A drug currently available in the clinic could be used to treat patients with an inherited form of cardiac arrhythmia, according to a study published this week in Nature Medicine.
CPVT―a specific type of ventricular tachycardia―is a potentially lethal form of arrhythmia. It is commonly linked to mutations in cardiac calcium channels known as ryanodine receptors. Pharmacological interventions against CPVT are often ineffective, but Bj?rn Knollmann and his colleagues have now found that flecainide―a drug already approved to treat other arrhythmias by acting on sodium channels―prevents disease in a mouse model of CPVT by a new mechanism: the direct inhibition of calcium release mediated by cardiac ryanodine receptors.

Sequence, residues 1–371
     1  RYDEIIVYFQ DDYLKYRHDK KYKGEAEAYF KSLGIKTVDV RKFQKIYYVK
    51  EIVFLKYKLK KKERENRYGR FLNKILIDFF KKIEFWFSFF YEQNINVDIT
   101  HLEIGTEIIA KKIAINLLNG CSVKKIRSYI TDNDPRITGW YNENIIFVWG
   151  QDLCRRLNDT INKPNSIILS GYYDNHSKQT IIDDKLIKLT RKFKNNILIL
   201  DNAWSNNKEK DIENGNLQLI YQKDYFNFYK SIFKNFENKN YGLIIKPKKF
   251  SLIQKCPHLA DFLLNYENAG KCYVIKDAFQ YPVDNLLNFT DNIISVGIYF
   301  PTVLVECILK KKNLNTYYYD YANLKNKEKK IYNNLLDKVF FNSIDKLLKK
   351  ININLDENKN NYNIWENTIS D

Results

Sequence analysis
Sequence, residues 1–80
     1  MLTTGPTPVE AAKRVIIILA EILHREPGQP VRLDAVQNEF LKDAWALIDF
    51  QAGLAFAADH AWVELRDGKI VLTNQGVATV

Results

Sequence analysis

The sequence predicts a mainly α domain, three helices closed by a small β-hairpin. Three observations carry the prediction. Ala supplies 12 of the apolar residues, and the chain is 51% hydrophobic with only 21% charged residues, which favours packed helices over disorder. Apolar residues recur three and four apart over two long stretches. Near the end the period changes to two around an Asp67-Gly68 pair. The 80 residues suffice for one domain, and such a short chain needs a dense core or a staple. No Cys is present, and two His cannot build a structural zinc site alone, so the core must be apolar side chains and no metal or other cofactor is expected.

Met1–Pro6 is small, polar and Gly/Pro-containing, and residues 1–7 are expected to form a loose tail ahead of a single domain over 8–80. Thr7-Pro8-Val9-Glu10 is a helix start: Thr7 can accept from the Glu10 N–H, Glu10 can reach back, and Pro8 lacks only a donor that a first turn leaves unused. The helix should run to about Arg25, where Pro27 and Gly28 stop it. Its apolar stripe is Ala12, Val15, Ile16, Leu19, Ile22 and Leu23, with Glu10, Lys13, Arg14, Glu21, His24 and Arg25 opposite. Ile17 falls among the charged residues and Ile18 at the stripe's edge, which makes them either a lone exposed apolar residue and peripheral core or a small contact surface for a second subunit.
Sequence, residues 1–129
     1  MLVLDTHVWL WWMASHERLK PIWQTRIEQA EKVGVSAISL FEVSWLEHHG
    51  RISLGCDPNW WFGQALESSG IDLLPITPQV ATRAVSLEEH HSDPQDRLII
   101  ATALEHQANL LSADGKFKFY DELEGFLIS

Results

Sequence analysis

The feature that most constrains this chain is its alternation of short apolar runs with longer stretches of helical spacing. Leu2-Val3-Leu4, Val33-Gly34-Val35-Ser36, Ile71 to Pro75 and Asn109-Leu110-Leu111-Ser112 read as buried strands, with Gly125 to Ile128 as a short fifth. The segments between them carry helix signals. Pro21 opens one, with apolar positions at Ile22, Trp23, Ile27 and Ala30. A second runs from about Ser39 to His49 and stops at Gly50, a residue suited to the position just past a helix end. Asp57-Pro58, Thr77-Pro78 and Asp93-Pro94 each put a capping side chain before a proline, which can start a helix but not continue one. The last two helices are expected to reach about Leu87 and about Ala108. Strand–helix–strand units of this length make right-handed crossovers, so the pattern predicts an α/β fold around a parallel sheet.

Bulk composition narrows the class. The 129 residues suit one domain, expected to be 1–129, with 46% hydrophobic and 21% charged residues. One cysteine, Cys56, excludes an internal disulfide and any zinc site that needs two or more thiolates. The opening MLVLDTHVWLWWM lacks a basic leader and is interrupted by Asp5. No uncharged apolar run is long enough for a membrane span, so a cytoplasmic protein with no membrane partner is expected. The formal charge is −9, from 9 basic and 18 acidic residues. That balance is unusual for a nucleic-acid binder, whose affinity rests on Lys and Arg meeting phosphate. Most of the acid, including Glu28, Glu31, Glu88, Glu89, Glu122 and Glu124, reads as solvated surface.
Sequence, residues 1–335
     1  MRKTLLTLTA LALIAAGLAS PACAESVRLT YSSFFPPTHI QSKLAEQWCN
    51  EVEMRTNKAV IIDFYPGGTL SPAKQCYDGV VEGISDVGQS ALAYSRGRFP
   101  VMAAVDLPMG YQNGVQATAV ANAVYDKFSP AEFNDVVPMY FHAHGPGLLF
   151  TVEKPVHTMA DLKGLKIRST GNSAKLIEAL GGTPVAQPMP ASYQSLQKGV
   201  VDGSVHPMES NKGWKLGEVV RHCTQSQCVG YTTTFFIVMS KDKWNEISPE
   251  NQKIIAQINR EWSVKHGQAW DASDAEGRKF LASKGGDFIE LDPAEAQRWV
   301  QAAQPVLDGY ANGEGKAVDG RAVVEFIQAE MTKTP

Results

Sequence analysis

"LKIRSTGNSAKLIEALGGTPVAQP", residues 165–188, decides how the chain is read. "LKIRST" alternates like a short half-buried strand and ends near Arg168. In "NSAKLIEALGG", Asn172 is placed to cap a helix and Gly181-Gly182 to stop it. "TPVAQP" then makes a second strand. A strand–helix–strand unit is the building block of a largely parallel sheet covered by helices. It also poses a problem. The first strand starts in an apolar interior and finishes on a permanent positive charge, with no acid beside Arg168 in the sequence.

Flecainide also prevented CPVT in two patients who had not responded to conventional drug therapy, indicating that this currently available drug is a promising mechanism-based therapy against this condition.
Ecology: Lost deer-like species ‘rediscovered’Nature Ecology & Evolution
Computer science: An optimum difficulty level for learningNature Communications